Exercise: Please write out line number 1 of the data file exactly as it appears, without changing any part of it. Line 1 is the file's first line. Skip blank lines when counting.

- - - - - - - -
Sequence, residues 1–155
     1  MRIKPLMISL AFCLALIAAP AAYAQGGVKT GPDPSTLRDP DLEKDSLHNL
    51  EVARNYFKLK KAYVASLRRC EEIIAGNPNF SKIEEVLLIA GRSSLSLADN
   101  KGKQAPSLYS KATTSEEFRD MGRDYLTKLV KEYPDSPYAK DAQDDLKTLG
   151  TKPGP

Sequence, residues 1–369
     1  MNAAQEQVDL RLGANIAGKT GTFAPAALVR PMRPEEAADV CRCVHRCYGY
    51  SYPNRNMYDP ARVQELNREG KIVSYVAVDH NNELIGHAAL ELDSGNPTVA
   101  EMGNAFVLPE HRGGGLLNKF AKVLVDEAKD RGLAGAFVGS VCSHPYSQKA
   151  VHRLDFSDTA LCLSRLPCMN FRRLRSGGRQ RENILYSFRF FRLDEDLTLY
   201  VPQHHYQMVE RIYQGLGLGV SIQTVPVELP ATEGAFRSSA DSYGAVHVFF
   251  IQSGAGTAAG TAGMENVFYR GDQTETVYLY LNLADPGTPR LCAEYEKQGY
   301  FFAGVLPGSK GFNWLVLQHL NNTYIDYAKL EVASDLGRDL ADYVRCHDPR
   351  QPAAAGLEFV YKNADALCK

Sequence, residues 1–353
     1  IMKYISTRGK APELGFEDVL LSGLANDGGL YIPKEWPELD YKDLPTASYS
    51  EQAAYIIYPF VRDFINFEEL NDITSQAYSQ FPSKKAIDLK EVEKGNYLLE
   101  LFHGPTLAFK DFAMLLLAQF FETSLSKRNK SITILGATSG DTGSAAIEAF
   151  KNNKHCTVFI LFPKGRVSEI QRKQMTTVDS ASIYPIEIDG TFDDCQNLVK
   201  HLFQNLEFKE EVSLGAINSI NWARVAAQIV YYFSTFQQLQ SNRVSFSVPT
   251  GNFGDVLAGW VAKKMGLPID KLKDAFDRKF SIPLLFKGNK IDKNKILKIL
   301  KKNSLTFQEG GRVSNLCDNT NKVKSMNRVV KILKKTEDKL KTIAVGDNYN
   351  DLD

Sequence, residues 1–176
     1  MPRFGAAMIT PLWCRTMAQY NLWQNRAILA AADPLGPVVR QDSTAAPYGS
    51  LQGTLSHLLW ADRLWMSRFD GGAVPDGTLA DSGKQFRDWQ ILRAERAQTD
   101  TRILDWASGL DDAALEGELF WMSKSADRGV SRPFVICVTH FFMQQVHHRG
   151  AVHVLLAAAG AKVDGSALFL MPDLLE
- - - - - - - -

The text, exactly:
Sequence, residues 1–155